The 2010 Zhenkai marathon took place with the usual anticipation of a good race and stiff competition, but the world would be shocked when almost at the finish point humanity takes place and spectators are met with a wonderful sight to behold.
Jacqueline Nyetipei Kiplimo left Kenya to take part in the Zhenkai Marathon and win for herself the grand cash prize and start her life, but her need for money and all the luxury and fame winning the race would have brought was thrown in the wind once she neared a Chinese armless athlete.
Kiplimo gave up a sizable grand prize and a chance for victory in the 2010 Zheng-Kai marathon when dropped to second after deciding to assist a competitor with a disability who wanted to drink water.
Over the course of more than 20 kilometers, Kiplimo slowed down and ran alongside a Chinese competitor, giving up the lead while providing him with water at the water stations. Kiplimo came across the runner around the 10-kilometer stage of the race and saw that he was very dehydrated. She stayed with him until he was well enough to continue on his own, which was at the 38-kilometer point.
The former Santiago de Chile marathon winner, who hails from the cattle-rustling-prone county of West Pokot, was in the lead before being passed by a Chinese elite disabled runner who was pausing to sip water.
Being the first child in an eight-person household and having not completed secondary school, she has served as the family’s financial support system by using the money she earned from running. Since she was aware that her second job will bring in some income, she said that money is not everything.
However, that helping hand swept her into fame as the cameras clicked. She was not even aware she had gone viral and was famous till she saw photos after the event.
In different interviews, Kiplimo narrated that it was not a difficult decision to make. She said that she made the decision to keep running alongside the disadvantaged athlete for the entire 38 km while giving him water at every water station.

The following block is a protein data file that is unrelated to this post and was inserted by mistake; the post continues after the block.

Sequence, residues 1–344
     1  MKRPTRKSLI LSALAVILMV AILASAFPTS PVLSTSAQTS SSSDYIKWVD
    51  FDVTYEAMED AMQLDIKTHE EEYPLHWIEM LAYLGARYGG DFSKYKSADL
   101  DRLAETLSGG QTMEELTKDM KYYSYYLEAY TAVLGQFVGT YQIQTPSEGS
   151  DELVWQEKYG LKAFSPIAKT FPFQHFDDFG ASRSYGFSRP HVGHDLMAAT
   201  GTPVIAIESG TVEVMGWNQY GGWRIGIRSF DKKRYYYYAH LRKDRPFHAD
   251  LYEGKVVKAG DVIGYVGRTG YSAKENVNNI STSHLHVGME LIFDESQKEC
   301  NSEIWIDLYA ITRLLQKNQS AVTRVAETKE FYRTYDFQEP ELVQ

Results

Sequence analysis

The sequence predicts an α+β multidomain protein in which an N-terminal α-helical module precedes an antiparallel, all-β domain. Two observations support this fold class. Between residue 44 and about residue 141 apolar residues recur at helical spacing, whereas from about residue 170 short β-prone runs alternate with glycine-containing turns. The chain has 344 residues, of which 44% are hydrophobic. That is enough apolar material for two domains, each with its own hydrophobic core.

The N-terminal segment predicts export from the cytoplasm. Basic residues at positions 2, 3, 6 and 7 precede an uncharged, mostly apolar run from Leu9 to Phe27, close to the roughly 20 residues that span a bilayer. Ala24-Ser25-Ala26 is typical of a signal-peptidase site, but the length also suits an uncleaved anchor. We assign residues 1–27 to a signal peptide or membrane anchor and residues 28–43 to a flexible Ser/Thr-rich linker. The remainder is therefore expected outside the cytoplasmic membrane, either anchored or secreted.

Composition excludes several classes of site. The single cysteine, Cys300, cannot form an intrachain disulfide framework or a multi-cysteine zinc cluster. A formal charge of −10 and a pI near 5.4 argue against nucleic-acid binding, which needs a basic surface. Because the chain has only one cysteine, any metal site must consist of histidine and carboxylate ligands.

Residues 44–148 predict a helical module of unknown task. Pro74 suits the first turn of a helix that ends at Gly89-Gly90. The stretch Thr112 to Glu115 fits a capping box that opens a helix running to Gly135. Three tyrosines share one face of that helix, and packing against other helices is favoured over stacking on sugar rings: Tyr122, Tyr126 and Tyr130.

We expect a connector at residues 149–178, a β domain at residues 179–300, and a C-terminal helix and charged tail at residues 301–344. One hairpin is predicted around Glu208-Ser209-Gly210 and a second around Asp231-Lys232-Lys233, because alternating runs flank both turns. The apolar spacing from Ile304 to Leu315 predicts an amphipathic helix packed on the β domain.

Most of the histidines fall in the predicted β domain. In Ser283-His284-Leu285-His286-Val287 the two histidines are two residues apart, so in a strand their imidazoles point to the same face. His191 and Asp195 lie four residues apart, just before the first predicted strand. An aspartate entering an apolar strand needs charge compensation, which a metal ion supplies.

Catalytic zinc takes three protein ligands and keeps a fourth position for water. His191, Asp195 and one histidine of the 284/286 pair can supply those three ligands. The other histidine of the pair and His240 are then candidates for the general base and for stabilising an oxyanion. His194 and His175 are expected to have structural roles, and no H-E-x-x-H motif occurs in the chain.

Competitors passed her by and she saw her win fading as they all galloped to the finish line, but a generous heart caused her to lag behind. Kiplimo tried her best to catch up with the winner at 38 kilometers, but it was too late.
Surprisingly, she made second place and still managed to win some prizes and she was happy with second place. According to Kiplimo money is not everything in life and it was necessary to help those who are in need.
Kiplimo’s story could be looked at from many angles, but what stands out most would be the discrimination against the vulnerable in society. Kiplimo could have left the armless athlete standing there and struggling to open up his water to drink.
She would have made first place easily and won that cash prize, but she chose to yield to her humanity and do the right thing.
It is most surprising that after lagging behind she still manages to come up second place; a feat that most likely has never been heard of in such context.
The former 1,500-meter national primary school champion trained alongside 2014 Commonwealth marathon champion Flomena Cheyech, Elizabeth Rumokal, and Jackline Chemwok. Her personal best time for a marathon is 2:30.52.
Twelve years later, this act by Kiplimo still resounds with all who hear the story as it’s first of all unheard of and true definition of selflessness.